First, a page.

Try Some Healthy Israeli Food This Summer

November 7, 2011 by Sharon Berger
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With summer just around the corner everyone is on the lookout for light, healthy eating options….writes Sharon Berger.

Sharon Berger

The growing popularity of Mediterranean cuisine worldwide is testament not only to the health benefits but also to the taste.   Including a variety of new spices and ingredients in your kitchen can transform your cooking from bland to brilliant.

One Mediterranean classic that is becoming increasingly popular in Australia, is shakshouka. Derived from the Hebrew word to shake, the eggs are poached in a rich sauce of tomatoes, chili peppers, onions, red capsicum and spiced with cumin. Mopped up with the obligatory pita there aren’t many better ways to start the day. In Israel, you can even buy the shakshouka mix in a can and just add the eggs making it a foolproof dish. Shakshouka, originally from North Africa, has become a mainstay of the Israeli diet.

Israeli tucker

As Israel has absorbed immigrants from almost every country in the world it has become a culinary crossroads where European, Middle Eastern and North African cuisines blend together to create mouth-watering combinations. Sabich, originally an Iraqi dish, is another example of popular Israeli street food. Fried eggplant slices and hard-boiled eggs are stuffed in a pita with hummus, tahini, salad, parsley and amba, a mango pickle. A delicious, healthy combination that can be enjoyed almost any time of day.

With a reliance on fresh fruit and vegetables, a large number of Israeli dishes are suitable for vegetarians. Many of the popular salads and dips are vegan including the ubiquitous hummus. Growing health awareness has seen the development of many products that are lactose-free, gluten-free and/or sugar-free. With 25% annual growth Israel’s organic food sector is rapidly expanding to meet the demands of health conscious consumers worldwide. As most food in Israel is produced under strict kosher supervision customers can rest assured that labeling is accurate.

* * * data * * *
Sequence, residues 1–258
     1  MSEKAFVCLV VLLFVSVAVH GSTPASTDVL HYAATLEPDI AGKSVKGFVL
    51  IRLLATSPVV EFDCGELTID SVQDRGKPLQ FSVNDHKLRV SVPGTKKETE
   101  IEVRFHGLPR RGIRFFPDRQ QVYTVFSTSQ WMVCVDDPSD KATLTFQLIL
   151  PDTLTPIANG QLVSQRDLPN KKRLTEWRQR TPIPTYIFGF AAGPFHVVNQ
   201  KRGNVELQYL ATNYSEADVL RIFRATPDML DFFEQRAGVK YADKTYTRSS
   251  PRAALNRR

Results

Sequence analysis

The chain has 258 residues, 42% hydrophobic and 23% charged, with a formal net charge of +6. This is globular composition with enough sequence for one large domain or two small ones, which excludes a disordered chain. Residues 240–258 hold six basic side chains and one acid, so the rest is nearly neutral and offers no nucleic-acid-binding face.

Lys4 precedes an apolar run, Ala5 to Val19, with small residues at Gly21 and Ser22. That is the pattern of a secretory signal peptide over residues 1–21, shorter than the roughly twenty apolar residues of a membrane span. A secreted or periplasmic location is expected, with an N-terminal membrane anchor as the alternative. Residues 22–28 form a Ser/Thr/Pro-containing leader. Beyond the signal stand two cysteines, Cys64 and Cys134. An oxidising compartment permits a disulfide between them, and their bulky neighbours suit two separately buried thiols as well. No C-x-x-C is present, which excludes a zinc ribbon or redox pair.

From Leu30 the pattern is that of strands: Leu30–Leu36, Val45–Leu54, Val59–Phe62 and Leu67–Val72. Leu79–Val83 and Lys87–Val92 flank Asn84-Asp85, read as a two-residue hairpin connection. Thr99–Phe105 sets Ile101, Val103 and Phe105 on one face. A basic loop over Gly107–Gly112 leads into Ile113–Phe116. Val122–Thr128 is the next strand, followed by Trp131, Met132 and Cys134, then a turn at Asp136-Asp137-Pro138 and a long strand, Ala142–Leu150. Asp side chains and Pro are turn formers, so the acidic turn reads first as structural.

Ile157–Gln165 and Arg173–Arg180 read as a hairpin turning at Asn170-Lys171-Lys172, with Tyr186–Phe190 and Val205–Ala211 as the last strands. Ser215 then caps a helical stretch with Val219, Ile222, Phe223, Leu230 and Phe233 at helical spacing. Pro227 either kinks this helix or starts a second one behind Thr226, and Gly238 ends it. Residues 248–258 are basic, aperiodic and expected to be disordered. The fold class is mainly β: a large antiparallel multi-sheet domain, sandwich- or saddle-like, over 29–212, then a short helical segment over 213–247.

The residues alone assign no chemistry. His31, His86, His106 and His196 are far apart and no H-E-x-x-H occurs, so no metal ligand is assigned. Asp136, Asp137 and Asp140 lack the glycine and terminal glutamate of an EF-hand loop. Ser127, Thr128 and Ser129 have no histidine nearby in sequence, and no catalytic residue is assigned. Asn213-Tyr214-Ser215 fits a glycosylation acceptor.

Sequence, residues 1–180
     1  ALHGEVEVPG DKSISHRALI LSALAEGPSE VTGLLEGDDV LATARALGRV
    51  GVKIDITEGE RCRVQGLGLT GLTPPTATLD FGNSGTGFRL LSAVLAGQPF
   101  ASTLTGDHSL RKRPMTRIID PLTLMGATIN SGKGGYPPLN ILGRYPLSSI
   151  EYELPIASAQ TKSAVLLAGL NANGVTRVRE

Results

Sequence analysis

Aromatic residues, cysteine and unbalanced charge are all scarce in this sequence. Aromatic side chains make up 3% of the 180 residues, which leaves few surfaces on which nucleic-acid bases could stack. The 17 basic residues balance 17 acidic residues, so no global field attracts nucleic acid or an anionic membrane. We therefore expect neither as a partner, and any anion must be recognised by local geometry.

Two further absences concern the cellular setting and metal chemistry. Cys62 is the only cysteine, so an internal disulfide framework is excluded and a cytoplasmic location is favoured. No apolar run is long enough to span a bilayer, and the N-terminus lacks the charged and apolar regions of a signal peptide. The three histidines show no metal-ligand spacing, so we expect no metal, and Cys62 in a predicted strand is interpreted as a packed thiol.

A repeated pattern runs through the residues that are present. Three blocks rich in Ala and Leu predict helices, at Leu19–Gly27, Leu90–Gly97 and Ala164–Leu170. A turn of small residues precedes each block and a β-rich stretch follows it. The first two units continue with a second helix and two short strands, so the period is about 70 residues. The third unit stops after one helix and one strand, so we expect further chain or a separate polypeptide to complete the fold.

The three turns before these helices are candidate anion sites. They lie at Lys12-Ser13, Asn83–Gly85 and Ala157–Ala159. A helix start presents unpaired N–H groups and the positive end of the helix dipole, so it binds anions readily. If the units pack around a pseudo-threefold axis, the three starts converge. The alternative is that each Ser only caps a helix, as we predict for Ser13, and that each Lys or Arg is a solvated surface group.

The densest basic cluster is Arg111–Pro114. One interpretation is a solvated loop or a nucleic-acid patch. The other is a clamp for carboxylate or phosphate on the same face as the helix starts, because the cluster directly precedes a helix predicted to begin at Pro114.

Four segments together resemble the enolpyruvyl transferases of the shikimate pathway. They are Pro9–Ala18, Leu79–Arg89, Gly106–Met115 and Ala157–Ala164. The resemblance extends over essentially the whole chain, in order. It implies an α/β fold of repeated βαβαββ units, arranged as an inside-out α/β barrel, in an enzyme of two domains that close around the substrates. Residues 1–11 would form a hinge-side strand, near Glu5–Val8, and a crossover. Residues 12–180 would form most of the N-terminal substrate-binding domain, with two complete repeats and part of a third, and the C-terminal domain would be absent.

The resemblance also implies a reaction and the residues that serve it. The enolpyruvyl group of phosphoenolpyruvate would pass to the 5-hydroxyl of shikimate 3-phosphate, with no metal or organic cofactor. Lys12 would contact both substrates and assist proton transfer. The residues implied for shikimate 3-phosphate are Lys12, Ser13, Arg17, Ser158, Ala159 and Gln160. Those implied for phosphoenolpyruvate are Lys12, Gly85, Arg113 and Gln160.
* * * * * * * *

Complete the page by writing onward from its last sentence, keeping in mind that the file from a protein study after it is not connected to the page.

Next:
Last year Israeli food imports to Australia grew by almost 9% as consumers looked to expand their food options with an increasingly sophisticated  range of high-quality goods including olives, olive oil, wines, chocolates, condiments, frozen pastries, and much more.

One recent product introduced to the Australian market is the gourmet range of biscuits sold by the Elsa’s Story label. The company offers a variety of tempting homemade treats in attractive packaging that make great gifts. Parent company, the Wissotsky Tea group, has also reinvented itself in the last few years, today offering a range of enticing teas and herbal infusions, in both tea bags and loose tea.

Whether it’s a boutique olive oil, a cup of mint tea, a yummy biscuit or a sabich sandwich, enjoy something new today at your nearest supermarket or delicatessen.

Sharon Berger, a former business journalist for The Jerusalem Post and Business Middle East, is a public relations consultant to the Israel Trade Commission. 


One Response to “Try Some Healthy Israeli Food This Summer”
  1. Sol Salbe says:

    Could the editor enlighten us as to to the writer’s background, please? While there is room for debate on the origin for Sabich, I am familiar with Ruvik Rosenthal’s explanation in the dictionary of Hebrew slang which suggests that Shakshouka is derived from Moroccan Arabic Chakchouka. Is there any reason to believe that Ms Dolev is better positioned to provide us with the etymology?

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